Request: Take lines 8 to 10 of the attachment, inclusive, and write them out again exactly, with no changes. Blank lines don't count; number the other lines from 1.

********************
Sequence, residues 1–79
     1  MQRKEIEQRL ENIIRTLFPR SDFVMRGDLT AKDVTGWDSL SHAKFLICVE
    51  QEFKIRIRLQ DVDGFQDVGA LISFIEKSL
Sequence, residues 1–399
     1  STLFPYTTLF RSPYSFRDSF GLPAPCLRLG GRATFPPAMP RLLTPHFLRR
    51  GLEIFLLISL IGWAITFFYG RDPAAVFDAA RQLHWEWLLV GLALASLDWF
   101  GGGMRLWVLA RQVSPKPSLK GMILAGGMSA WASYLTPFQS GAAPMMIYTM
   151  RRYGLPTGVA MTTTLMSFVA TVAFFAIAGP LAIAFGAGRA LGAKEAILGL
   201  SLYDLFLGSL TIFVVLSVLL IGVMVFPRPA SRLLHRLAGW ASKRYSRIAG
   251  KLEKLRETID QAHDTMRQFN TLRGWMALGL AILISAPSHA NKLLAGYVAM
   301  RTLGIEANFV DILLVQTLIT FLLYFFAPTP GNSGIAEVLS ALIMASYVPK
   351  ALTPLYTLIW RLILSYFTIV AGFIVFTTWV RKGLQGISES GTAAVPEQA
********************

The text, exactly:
   151  RRYGLPTGVA MTTTLMSFVA TVAFFAIAGP LAIAFGAGRA LGAKEAILGL
   201  SLYDLFLGSL TIFVVLSVLL IGVMVFPRPA SRLLHRLAGW ASKRYSRIAG
   251  KLEKLRETID QAHDTMRQFN TLRGWMALGL AILISAPSHA NKLLAGYVAM